27 January 2012
Getting Organized Part 2
The next step is editing and rating. You should do both, ruthlessly! I do this in Adobe Bridge and will soon be switching over to Lightroom. Everyone should edit, the longer you shoot the more ruthless you become. But my rule is if I would not send it to my agent and I would never submit it to an editor myself for something I don’t want it and I trash it. In short if I don’t see me or anyone else using an image for something I don’t keep it. I don’t keep duplicates of digital files because there is no reason I have backups of everything and I can make as many exact copies as I need. If I make twenty images of a bird sitting on a branch I would keep the best one as well as a couple other head positions and loose the rest.
I edit and rate images on the same pass. I use a five star system of rating images. I pull up a day’s shoot in Bridge (soon to be Lightroom) with thumbnails running down one side of the screen and a large preview of the selected image filling most of the screen. Then I go through one image at a time and evaluate each for esthetic and technical merit and rate each image as follows. Five star images are something really special, a family jewel kind of image, I don’t have many of those probably one or two percent of my files. Four star images are again something special maybe a unique behavior or really special light, definitely an above average image these makeup maybe 5 to 8 percent of my files. Three star images are really the bread and butter of my files these are images that are technically well done and of a good subject in a good situation. Making up over 90% of my files I would not hesitate to send these off to an editor or my agent, for any purpose. Lastly I have some two star images these are images that I really probably should not keep and will never use or send out but for some reason I just can’t let go of. Maybe they are near misses of something I have put a lot of effort into or special moments that I want to have a memento of, these are less than two percent of my files. Any images that don’t get a star rating are deleted.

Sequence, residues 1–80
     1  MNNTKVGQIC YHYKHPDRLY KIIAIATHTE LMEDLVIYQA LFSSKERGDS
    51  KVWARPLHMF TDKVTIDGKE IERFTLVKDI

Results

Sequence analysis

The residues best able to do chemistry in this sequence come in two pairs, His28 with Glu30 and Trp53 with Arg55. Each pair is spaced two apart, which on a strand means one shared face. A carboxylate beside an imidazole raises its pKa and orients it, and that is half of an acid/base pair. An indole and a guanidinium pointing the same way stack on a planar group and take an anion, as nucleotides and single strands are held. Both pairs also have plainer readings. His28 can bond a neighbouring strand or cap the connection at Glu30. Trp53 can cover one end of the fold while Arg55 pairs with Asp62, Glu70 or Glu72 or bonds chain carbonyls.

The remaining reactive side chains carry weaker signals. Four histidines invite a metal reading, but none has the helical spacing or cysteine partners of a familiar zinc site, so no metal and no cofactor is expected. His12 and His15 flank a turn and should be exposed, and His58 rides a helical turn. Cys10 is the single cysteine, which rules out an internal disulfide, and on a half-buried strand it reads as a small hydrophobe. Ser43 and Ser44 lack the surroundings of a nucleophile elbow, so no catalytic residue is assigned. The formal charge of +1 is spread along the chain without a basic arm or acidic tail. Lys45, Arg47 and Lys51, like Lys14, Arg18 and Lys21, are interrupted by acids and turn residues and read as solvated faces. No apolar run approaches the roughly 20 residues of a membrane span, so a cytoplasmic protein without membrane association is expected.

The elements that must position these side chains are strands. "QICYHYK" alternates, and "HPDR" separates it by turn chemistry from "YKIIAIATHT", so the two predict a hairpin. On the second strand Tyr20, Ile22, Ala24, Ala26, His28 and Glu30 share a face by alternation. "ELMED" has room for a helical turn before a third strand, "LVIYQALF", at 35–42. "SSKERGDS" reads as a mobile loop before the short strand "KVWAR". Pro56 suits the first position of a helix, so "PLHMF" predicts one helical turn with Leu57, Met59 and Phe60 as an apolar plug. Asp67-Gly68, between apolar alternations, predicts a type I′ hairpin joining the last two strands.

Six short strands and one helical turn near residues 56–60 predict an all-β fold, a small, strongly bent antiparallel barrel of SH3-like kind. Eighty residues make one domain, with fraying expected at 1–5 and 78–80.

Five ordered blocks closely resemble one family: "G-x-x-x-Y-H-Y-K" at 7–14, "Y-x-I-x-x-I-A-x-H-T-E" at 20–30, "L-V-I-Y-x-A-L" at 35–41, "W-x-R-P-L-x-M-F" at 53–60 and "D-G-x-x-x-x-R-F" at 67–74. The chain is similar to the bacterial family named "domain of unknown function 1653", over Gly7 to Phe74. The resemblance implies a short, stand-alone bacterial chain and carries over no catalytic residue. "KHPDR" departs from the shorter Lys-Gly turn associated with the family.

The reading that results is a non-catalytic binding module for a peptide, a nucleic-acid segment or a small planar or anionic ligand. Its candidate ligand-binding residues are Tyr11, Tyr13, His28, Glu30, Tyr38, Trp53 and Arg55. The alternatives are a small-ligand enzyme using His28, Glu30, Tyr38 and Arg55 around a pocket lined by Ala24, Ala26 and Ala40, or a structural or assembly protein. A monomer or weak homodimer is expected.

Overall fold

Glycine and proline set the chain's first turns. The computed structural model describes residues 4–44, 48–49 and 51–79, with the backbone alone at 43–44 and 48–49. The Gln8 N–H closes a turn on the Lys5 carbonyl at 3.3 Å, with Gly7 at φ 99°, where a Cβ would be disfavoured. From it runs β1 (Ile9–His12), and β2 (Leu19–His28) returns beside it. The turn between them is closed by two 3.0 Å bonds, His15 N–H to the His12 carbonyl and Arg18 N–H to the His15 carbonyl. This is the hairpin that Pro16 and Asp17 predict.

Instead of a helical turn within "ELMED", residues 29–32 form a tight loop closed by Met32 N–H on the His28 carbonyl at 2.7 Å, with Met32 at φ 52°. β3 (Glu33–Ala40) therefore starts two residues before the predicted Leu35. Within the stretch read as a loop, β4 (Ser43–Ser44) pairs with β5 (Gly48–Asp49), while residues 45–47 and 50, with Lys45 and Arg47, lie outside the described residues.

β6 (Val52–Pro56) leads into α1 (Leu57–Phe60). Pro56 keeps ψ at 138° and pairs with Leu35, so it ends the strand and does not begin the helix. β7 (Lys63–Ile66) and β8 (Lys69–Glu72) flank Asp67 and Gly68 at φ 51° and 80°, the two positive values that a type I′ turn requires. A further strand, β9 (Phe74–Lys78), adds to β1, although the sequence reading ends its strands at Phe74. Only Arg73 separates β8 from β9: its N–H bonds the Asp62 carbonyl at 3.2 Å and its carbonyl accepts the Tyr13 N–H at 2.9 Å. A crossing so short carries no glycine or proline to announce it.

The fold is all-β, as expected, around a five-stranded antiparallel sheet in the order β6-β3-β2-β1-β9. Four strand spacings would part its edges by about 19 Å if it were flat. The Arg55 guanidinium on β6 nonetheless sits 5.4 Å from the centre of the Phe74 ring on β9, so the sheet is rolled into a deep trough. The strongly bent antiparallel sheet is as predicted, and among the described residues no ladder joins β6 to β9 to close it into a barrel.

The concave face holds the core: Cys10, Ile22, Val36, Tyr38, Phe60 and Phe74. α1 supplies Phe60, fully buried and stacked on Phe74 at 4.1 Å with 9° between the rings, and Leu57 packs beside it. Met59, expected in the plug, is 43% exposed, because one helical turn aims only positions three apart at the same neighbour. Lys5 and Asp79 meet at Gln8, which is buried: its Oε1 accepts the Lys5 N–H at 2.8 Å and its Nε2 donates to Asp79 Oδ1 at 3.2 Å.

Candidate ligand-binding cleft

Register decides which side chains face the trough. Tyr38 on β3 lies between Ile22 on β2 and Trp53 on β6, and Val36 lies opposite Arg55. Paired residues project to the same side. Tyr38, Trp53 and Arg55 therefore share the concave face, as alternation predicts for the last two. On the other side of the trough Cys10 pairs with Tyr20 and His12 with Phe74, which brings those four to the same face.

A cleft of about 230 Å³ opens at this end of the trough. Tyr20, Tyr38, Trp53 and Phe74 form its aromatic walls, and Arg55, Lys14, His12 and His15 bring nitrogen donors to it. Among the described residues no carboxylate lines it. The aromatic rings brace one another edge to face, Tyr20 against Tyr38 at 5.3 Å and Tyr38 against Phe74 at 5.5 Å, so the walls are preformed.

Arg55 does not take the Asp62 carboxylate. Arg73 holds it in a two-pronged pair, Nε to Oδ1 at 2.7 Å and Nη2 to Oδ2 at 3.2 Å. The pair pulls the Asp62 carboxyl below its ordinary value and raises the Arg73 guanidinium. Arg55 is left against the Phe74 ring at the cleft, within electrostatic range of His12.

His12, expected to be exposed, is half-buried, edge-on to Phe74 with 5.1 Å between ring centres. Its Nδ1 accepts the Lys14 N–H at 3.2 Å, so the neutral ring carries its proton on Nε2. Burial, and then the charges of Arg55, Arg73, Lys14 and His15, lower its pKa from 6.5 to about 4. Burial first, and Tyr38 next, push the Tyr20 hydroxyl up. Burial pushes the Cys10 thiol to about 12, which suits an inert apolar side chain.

The beauty of having all my images rated like this is that if I am working on a slide program or calendar submission or other project and I just want to see the best of my files. I can just pull up all the four and five star images and see only the cream of my files.
Image: Violet-tailed Sylph, Ecuador One of my five star images.